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Re: A Dirk and Ndia story about RDF and URIs and HTTPrange14

From: Kingsley Idehen <kidehen@openlinksw.com>
Date: Tue, 03 Apr 2012 07:47:40 -0400
Message-ID: <4F7AE35C.30007@openlinksw.com>
To: www-tag@w3.org
On 4/2/12 11:27 PM, Larry Masinter wrote:
> I think it really leads you down the wrong path to talk about first 
> minting the URI and then putting something out  there that explains 
> what you meant by it.

Possibly, and I don't particular espouse that kind of narrative. Re. 
DBpedia I was simply explaining to you that cases exist where the goal 
of publishing Linked Data triggers the construction of re-write rules 
that is basically a URI minting process. Beyond DBpedia, we even do more 
of this "on the fly" via our URIBurner [1] service.

> I know thats what people WANT to think, but it leads you to imagine 
> that a URI could have two senses, one the "natural", undocumented 
> sense, and another the sense which appears when you put up the 
> description (and disappears when the server goes down for the last time).

 From a functional narrative perspective, I look at all of this as being 
akin to DBMS functionality where the DBMS system (Linked Data Server) 
generates keys. End-users aren't actually exposed to the lower level 
mechanics and model implications.
>
> You can avoid this fallacy merely by being more careful about the 
> order. Your dbpedia server arranges its state so that subsequent later 
> requests for a URI will (DNS and Apache willing) result in some results.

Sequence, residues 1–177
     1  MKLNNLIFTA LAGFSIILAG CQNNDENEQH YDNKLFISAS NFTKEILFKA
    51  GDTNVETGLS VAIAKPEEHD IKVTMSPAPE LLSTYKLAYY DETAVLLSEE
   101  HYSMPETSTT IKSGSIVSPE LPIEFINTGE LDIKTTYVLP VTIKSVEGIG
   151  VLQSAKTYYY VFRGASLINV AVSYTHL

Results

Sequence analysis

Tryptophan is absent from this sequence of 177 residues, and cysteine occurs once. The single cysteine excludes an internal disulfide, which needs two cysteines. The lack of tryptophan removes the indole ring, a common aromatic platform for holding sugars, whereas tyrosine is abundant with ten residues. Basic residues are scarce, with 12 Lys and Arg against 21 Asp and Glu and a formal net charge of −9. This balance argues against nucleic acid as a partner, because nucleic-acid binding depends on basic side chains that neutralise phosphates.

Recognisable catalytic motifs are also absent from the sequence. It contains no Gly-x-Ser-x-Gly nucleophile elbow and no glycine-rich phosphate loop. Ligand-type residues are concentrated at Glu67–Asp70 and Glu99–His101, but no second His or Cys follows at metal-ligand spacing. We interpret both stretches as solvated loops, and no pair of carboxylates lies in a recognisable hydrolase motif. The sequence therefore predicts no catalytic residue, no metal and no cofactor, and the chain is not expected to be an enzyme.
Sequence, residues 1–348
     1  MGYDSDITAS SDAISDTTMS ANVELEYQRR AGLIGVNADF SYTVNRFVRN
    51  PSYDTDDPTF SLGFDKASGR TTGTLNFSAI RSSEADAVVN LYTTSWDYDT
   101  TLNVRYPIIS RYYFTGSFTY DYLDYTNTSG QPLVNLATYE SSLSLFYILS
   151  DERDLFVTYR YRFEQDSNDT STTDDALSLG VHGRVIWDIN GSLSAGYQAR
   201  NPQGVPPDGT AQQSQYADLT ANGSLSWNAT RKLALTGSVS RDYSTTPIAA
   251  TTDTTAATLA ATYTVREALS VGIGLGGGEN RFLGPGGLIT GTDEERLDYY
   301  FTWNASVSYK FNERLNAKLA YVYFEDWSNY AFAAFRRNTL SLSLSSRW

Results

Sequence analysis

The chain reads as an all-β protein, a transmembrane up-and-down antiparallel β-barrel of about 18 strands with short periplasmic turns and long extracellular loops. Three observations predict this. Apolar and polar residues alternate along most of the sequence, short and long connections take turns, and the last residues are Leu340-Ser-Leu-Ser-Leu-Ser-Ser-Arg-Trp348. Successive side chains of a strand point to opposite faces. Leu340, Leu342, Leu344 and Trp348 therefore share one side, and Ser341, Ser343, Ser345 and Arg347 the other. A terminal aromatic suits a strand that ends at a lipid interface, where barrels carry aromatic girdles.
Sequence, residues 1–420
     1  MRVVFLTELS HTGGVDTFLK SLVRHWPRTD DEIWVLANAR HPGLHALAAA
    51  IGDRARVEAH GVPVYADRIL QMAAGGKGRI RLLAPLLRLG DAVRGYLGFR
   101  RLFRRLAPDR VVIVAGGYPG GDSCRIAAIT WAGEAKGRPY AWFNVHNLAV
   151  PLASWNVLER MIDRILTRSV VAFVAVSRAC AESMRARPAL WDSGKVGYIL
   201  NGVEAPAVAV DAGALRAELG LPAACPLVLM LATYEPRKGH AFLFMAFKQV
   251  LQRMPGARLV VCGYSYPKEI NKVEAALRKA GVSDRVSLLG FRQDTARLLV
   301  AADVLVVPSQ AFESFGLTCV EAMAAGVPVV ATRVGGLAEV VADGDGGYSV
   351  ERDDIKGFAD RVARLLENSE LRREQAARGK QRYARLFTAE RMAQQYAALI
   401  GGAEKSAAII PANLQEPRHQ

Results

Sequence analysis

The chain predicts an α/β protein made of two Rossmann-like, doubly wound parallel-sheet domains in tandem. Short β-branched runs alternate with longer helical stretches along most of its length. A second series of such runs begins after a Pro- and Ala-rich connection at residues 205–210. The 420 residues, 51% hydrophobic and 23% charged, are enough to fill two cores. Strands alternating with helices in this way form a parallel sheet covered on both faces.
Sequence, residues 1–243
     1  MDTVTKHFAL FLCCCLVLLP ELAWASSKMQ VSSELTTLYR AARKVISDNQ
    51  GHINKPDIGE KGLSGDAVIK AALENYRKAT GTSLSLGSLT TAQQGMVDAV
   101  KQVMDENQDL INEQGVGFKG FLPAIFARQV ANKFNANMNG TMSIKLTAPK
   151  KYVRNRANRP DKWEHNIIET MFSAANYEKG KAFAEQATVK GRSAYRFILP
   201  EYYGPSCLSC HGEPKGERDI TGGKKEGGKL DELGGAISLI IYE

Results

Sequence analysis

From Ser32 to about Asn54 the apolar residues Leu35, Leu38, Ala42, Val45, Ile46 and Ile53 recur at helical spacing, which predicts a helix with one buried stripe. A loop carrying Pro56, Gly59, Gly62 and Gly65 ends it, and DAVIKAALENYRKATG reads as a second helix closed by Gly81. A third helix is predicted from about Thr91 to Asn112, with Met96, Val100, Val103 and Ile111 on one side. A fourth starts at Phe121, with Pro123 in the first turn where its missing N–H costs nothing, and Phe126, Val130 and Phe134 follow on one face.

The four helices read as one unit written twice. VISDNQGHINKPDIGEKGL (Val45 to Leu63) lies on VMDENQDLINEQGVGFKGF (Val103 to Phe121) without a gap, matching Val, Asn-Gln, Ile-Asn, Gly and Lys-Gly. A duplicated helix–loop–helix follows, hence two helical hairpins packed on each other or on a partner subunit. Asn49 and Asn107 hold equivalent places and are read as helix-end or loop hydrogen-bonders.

We don't use Apache. We use Virtuoso [2] which is a full blown Linked 
Data server. Producing and managing keys is native functionality.

> But the URI choice is constrained almost completely by the server 
> configuration, DNS, available protocols, etc.

Yes, that's part of the linked data server functionality in our case. 
The re-write rules reference was all about the underlying mechanism that 
drives the system. It also leverages SPARQL since the end game is 
basically about transient and persistent (or materialized) views endowed 
with functional keys that resolve to descriptions expressed in 3-tuple 
form etc..

In the case of DBpedia, we have a sorta hybrid natural keys style of 
identifier since we also want end-users to easily triangulate back to 
Wikipedia resource URLs.

>
> You can change the case of the host, add or omit the port, perhaps hex 
> encode some characters or even do Unicode normalization and get the 
> same behavior.
>
> If you are depending on the web behavior to establish meaning, then 
> all of those spellings should mean the same thing.

URIs simply identify data objects that are represented in 3-tuple based 
graph pictorial form. Our keys are mapped to actual SPARQL DESCRIBE (or 
in extreme cases CONSTRUCT) queries. We basically use the SPARQL 
protocol to compensate for HTTPs non existent DESCRIBE method.

>
> If you are not, if the web behavior of the URI is just advisory and 
> you could use http://example.com and HTTP://eXAMplE.com:80 
> <http://eXAMplE.com:80>/ to meam different things, then why bother 
> setting up a server at all?